The prime minister insisted she was not taking "anything for granted" but the Tories enjoyed a stunning day that was matched by a dramatic decline for Jeremy Corbyn's Labor party, which lost more than 300 seats, The Guardian reported.
Labour tried to play down the significance of a bruising set of results which saw it forfeit nearly 300 council seats, lose control of Glasgow for the first time in around 40 years and suffer reverses in Welsh strongholds.
Meanwhile, Labour slumped to become the third largest party in Scotland's councils, and was kicked out of power in its Glasgow heartland for the first time in nearly 40 years.
According to experts, if the results of Thursday's polls in Wales, Scotland and county councils in England were repeated nationally, the Conservatives would be on 38 per cent, Labour 27 per cent, the Liberal Democrats 18 per cent and UKIP 5 per cent. Although that prediction is narrower than the polls, it projects that May would win a solid majority in June's general election.
Acknowledging that Friday's results were "disappointing", he told activists: "We know this is no small task - it is a challenge on a historic scale".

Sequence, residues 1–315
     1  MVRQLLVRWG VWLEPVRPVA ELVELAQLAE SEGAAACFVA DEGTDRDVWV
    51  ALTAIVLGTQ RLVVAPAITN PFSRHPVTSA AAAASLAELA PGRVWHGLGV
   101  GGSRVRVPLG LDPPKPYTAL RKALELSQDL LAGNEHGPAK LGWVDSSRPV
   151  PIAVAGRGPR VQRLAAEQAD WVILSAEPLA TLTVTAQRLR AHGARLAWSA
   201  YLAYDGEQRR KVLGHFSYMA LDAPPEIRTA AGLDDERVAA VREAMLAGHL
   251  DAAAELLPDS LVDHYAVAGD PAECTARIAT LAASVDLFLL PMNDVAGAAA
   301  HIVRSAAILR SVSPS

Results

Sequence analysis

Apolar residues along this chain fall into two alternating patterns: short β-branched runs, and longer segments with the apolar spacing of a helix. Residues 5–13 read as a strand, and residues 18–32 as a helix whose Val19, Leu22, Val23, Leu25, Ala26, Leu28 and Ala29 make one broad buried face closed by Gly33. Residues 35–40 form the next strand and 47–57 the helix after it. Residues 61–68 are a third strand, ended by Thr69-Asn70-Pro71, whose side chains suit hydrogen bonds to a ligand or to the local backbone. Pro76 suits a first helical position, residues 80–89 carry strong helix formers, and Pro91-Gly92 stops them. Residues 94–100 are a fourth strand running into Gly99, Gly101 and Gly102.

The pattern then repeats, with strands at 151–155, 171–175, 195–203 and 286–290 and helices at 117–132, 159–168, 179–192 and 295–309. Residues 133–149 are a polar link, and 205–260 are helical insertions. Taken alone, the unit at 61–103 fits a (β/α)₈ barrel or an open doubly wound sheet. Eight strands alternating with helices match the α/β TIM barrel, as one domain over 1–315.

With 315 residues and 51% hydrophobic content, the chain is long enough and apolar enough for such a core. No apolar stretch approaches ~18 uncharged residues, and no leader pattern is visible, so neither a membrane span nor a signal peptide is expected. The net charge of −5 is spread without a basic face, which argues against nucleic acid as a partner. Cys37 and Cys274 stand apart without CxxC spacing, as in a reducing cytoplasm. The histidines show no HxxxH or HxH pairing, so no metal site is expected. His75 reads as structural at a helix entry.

"And the reality is that only a General Election vote for the Conservatives in 34 days' time will strengthen my hand to get the best deal for Britain from Brexit".
There was some good news for Corbyn, however, with former cabinet minister Andy Burnham elected Mayor of Greater Manchester, beating his Tory rival by more than 230,000 votes.
May's claim that the European Union was meddling in British affairs, which propelled her on to the front page of every national newspaper on Thursday morning as voters headed to the polls, was believed to have contributed to her party's success against Ukip.
Conservative chief secretary to the Treasury David Gauke said: "Jeremy Corbyn will have to raise taxes because his nonsensical economic ideas don't add up and he'll make a mess of the Brexit negotiations".
Nuttall said there was a "clear movement" of voters from Ukip to the Conservative party, but he argued they will return in the long term.
Despite his confidence in the party, it seemed Nuttall's comments left many somewhat unconvinced...
Many Labor candidates said they were planning to run local campaigns without a focus on Corbyn, claiming he had been toxic on the doorstep. "Too many fantastic councillors, who work tirelessly for their communities, lost their seats", he said in a statement.
"We will stand up for everyone who doesn't want a second referendum on independence". It is more reflective of the national malaise that the party finds itself in.
"Today, I say to tax cheats, the rip-off bosses, the greedy bankers: 'Enough is enough".